How to Identify and Attract a Mountain Chickadee
Learn what foods a mountain chickadee eats, what these small songbirds look like and sound like, where to spot them and more.
Courtesy Karlie Larson
Mountain Chickadee Sounds
Chickadees are very verbose birds. They sing fee-bee when amorous. They scold chick-a-dee, adding more dees the higher their anxiety. And when the risk is acute, such as a soaring hawk overhead, they shriek. “That shriek means ‘freeze’ to the flock,” says Arch McCallum, a retired biology professor and the lead expert on the mountain chickadee for the Cornell Lab of Ornithology’s Birds of The World.
A mountain chickadee’s buzzy call is distinguished from the black-capped by its harsher tone.
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Where Does a Mountain Chickadee Look Like?
If you live in the Mountain West, a vocal black, white and gray bird might be a black-capped chickadee or its closest cousin, a mountain chickadee. The two are similar in size, about 4 inches long, with large heads, long tails and small bills. Both have a prominent black cap, white cheeks, light gray to buff sides, and a black throat patch, but only mountain chickadees have a white streak above their eyes.
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Mountain Chickadee Range and Habitat
While black-capped chickadees live in deciduous forests, mountain chickadees prefer to congregate in conifers in western forests from Canada to Texas.
Mountain Chickadee Nest, Eggs and Baby Birds
Mountain chickadees lay eggs in woodpecker holes and other cavities that they line with moss and scavenged fur. They use small nest boxes, too. If you hear a hiss coming from a birdhouse, it might be a mountain chickadee mimicking the sound of a snake to deter an intruder.
The eggs are dull white with red spots. It takes more than three weeks for chicks to hatch and fledge. If the adults need to fetch food during that time, they cover the eggs or hatchlings with a fur “blanket” to hide them.
“Mountain chickadees live in impregnable places behind a lot of wood where the young hang out as long as possible because it’s safe,” Arch says. “When they fly out, it’s full-bore. They’re really ready!”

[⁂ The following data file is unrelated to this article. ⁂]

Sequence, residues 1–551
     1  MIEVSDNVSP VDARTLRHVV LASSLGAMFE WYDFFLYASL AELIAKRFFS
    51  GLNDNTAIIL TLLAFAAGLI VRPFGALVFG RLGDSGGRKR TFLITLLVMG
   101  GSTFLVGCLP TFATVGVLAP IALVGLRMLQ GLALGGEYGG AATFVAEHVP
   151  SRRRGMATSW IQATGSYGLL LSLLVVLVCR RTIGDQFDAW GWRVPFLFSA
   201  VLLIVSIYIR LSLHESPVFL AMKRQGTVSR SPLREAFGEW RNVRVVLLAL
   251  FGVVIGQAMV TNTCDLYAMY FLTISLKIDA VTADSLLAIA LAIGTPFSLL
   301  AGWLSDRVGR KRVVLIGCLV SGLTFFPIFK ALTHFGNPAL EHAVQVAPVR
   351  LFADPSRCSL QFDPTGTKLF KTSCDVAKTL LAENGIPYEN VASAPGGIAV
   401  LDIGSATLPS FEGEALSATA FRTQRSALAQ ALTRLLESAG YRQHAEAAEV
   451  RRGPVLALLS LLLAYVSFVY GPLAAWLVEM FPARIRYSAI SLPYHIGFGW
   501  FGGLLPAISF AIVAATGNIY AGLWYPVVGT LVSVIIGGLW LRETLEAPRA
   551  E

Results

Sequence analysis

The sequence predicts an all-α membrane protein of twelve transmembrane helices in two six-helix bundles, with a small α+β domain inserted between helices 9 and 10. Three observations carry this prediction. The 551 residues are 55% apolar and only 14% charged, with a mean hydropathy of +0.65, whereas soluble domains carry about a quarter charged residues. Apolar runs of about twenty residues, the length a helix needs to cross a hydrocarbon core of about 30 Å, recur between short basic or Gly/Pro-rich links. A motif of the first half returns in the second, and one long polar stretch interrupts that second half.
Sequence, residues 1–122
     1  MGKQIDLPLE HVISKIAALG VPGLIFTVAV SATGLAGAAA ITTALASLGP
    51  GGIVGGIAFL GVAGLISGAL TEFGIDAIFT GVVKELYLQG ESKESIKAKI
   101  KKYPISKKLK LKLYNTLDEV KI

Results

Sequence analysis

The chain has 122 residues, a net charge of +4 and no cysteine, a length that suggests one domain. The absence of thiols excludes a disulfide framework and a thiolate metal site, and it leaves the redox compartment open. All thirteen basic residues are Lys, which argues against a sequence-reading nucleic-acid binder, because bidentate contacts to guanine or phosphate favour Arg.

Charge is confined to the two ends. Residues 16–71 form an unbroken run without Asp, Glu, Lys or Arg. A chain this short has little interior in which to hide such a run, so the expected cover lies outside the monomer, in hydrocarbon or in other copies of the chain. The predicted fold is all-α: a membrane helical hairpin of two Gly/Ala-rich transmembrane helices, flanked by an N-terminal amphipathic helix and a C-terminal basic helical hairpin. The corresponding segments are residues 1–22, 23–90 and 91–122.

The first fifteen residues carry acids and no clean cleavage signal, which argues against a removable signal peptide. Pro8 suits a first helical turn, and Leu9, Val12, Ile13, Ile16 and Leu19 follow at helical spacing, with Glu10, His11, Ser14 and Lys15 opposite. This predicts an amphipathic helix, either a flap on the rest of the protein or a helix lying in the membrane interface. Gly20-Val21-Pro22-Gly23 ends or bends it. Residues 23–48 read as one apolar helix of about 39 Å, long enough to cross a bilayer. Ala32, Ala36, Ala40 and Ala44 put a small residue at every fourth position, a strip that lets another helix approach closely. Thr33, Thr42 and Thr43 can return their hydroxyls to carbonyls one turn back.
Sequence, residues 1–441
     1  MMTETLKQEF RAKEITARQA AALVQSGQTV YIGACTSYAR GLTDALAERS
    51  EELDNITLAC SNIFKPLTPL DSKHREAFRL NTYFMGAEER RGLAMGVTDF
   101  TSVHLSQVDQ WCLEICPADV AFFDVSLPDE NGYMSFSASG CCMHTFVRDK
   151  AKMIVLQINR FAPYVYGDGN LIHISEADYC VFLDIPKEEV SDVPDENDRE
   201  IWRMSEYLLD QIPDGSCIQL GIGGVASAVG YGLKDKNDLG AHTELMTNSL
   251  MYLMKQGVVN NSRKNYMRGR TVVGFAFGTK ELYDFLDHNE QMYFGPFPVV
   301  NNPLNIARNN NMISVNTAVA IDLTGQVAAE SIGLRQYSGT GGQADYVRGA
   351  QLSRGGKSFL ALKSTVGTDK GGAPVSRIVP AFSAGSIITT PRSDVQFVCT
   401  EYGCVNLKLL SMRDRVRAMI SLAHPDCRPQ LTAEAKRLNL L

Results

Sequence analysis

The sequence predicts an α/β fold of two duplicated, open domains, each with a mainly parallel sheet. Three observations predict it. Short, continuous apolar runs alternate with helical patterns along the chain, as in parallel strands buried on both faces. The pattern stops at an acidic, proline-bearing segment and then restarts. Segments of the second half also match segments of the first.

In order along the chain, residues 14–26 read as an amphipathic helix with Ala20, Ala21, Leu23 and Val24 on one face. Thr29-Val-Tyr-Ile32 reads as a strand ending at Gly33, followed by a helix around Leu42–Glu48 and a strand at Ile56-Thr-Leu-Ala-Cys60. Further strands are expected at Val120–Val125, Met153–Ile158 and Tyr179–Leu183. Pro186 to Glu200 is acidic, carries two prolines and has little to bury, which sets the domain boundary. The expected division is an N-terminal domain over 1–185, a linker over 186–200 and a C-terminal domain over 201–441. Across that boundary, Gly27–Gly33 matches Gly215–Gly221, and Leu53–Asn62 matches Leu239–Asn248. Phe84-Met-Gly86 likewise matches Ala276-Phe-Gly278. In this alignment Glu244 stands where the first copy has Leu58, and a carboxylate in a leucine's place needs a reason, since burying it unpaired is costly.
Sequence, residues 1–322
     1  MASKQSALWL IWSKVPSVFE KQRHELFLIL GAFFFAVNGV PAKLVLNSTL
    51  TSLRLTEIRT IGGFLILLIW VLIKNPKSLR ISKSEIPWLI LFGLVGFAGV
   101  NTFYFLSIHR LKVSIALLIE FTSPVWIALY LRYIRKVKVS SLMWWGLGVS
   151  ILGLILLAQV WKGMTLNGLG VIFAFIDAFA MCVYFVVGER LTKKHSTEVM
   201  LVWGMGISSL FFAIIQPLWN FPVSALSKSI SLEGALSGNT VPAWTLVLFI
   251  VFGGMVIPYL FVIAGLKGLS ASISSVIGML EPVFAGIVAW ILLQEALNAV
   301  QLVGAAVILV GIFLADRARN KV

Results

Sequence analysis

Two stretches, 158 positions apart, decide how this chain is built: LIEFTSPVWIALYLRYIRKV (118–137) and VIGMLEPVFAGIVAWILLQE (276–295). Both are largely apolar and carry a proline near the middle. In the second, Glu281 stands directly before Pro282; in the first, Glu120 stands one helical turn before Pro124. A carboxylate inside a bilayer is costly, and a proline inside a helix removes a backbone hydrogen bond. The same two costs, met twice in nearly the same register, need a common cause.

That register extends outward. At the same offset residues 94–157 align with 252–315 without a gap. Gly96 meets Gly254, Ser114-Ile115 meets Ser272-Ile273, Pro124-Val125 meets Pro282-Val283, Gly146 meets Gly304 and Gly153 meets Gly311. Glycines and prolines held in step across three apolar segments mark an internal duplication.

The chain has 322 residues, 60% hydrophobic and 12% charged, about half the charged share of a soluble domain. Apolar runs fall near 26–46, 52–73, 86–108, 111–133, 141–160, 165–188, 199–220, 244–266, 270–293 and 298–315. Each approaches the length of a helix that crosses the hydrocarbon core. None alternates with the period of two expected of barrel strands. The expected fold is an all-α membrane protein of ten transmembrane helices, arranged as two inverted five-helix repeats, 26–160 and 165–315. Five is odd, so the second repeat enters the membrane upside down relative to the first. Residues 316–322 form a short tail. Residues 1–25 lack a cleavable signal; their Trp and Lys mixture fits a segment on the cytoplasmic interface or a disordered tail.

A flock of mountain chickadees, called a banditry, is typically up to three mated pairs plus several juveniles. (Check out facts about super-cute baby chickadees.) Interestingly, the young birds are usually not the offspring of the pairs in the banditry.
Do Mountain Chickadees Migrate?
Chickadees are nonmigratory, staying within their ranges all year. The only time mountain chickadees migrate is when they leave their mom and dad to find another flock, though they’ll move temporarily downslope during a harsh winter.
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What Do Mountain Chickadees Eat?
Mountain chickadee flocks readily come to feeders for sunflower seeds. They approach one at a time, grabbing a seed and carrying it to a nearby branch. Holding the seed with its feet, the bird pokes decisively at the seam until it breaks apart; the bird then eats the nutritious nugget inside or stashes it for a future meal.
“Mountain chickadees cache their finds in the bark and needles of trees and on the ground,” Arch says. “I’ve seen them fly straight to a place under a tree and pull out a seed. They have special memory for where they’ve put seeds. Their survival depends on it.”
These little sprites are full of life and fun to watch. They will make you smile as they frolic around a feeder and then fly off together.
Next, learn how to tell the difference between a nuthatch vs a chickadee.